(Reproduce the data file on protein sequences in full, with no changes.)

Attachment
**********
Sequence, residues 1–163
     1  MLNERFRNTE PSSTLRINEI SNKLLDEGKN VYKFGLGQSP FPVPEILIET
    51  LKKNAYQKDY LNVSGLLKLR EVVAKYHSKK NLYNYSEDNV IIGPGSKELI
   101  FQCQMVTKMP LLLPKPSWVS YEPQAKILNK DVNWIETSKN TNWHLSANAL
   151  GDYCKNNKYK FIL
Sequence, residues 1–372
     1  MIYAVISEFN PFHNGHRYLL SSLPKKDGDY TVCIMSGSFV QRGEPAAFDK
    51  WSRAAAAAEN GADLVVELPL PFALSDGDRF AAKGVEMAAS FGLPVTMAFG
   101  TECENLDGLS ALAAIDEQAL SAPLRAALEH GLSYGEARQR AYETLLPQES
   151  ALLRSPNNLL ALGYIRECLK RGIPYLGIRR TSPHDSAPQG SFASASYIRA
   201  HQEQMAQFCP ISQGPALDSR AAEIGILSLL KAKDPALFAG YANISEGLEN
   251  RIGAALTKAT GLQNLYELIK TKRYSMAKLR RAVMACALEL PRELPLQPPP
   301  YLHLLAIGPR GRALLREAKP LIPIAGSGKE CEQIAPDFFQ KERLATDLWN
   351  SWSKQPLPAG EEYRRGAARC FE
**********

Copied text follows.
Sequence, residues 1–163
     1  MLNERFRNTE PSSTLRINEI SNKLLDEGKN VYKFGLGQSP FPVPEILIET
    51  LKKNAYQKDY LNVSGLLKLR EVVAKYHSKK NLYNYSEDNV IIGPGSKELI
   101  FQCQMVTKMP LLLPKPSWVS YEPQAKILNK DVNWIETSKN TNWHLSANAL
   151  GDYCKNNKYK FIL
Sequence, residues 1–372
     1  MIYAVISEFN PFHNGHRYLL SSLPKKDGDY TVCIMSGSFV QRGEPAAFDK
    51  WSRAAAAAEN GADLVVELPL PFALSDGDRF AAKGVEMAAS FGLPVTMAFG
   101  TECENLDGLS ALAAIDEQAL SAPLRAALEH GLSYGEARQR AYETLLPQES
   151  ALLRSPNNLL ALGYIRECLK RGIPYLGIRR TSPHDSAPQG SFASASYIRA
   201  HQEQMAQFCP ISQGPALDSR AAEIGILSLL KAKDPALFAG YANISEGLEN
   251  RIGAALTKAT GLQNLYELIK TKRYSMAKLR RAVMACALEL PRELPLQPPP
   301  YLHLLAIGPR GRALLREAKP LIPIAGSGKE CEQIAPDFFQ KERLATDLWN
   351  SWSKQPLPAG EEYRRGAARC FE